Officials said they may add a second sailing if demand remains high. But because it is a passenger-only ferry, residents cannot bring their cars to stock up at big box stores.

"For a lot of people, it is a lifeline," Schroeder said.

The new ferry will not make up for lost business in a town that grows exponentially every tourist season. People with vacation homes, family members of permanent residents and those coming to pick up their Amazon packages have all been turned back at the border.

Some of the package companies have shut down operations until the border is reopened. A gas station that sold fuel for far less than the going price in Canada has seen its business drop to a fraction of what is typical. Sheppard said her business makes a few hundred dollars a day, down from a typical haul of up to $7,000 a week during peak season.

"My customer base is probably, I don't know, 300 people. Down from in the summer we have up to 7,500 people," Sheppard said of her nine-year-old store. "Our game plan was to sell Auntie Pam's Country Store at year ten. And now I don't know what we're going to do."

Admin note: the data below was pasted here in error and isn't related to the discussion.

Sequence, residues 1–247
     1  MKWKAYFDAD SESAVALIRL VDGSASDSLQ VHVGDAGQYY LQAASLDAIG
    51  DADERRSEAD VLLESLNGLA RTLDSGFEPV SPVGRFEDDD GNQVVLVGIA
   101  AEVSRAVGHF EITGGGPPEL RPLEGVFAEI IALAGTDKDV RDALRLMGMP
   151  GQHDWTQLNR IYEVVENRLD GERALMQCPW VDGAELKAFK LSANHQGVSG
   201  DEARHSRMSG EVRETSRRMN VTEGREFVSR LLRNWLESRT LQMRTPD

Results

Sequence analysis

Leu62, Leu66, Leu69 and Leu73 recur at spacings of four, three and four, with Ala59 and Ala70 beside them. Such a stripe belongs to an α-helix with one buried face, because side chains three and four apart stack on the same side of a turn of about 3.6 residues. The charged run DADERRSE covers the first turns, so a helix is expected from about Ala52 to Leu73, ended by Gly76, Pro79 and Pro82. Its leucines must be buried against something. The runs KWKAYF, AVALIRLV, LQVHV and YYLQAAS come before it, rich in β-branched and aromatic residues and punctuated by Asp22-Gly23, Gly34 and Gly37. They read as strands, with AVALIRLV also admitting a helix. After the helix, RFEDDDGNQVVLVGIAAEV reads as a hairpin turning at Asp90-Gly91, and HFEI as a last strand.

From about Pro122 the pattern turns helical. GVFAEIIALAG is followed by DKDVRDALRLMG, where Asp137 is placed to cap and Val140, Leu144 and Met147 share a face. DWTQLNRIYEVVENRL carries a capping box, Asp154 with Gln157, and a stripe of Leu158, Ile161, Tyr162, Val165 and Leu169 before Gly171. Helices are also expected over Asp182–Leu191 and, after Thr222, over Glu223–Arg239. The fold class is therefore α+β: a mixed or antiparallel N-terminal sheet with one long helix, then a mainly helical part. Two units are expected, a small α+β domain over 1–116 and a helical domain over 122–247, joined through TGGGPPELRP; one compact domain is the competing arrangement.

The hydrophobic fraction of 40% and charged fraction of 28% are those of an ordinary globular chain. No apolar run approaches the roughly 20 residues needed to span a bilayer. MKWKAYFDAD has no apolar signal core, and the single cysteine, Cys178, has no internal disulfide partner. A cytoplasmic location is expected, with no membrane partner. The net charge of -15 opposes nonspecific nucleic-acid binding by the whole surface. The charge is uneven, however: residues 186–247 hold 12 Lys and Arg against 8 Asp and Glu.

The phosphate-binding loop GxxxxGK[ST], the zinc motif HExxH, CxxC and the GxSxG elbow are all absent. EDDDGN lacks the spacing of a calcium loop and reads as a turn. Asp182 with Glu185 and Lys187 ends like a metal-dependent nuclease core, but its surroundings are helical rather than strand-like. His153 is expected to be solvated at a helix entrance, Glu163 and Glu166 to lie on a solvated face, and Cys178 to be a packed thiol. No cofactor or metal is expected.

Students are also struggling to get back to school. Point Roberts has only one elementary school, serving kindergarten through third grade. Students who attend school in Blaine or a community just across the border in British Columbia are barred from crossing.

Washington Gov. Jay Inslee (D) has written to Canadian Prime Minister Justin Trudeau asking for an exemption for those students. The local fire chief has written to Trudeau and President Trump, in search of a solution.

But the border remains closed, until at least September 22. Some students are considering relocating, either to Blaine or to British Columbia, even if their parents cannot come with them.

For other residents, the ferry service is a chance to get out, see family and visit the mainland after months of isolation.

"People can get the hell out of here if they're losing their minds. The mental health aspect is substantial," Sheppard said. "It's heaven on earth except for when it's not. And right now it's not."